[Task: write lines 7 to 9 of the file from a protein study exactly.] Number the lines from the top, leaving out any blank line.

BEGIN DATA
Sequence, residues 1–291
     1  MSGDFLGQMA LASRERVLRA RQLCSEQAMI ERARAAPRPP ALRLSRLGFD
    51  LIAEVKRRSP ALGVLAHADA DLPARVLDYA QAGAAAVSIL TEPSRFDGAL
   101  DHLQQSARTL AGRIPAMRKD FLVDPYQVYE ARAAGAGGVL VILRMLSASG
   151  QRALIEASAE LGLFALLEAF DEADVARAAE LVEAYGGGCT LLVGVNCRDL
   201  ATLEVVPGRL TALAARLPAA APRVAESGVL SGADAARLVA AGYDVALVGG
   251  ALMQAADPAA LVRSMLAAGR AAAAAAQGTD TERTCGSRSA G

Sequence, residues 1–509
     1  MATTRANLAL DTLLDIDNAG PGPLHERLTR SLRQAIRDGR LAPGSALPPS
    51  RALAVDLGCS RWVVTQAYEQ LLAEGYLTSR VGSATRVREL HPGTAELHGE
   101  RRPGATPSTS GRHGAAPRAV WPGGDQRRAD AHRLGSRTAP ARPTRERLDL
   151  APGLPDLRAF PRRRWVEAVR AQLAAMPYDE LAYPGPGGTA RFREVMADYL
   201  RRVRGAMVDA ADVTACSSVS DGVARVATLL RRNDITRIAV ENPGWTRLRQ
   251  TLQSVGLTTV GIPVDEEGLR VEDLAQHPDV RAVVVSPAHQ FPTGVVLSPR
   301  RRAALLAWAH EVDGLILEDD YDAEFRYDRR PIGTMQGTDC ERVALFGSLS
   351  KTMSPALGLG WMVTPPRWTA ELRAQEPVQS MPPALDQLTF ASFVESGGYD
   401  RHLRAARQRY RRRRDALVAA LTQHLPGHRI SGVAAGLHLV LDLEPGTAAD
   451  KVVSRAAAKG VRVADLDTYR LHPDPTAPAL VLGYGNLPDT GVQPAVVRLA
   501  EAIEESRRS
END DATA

   251  ALMQAADPAA LVRSMLAAGR AAAAAAQGTD TERTCGSRSA G

Sequence, residues 1–509
     1  MATTRANLAL DTLLDIDNAG PGPLHERLTR SLRQAIRDGR LAPGSALPPS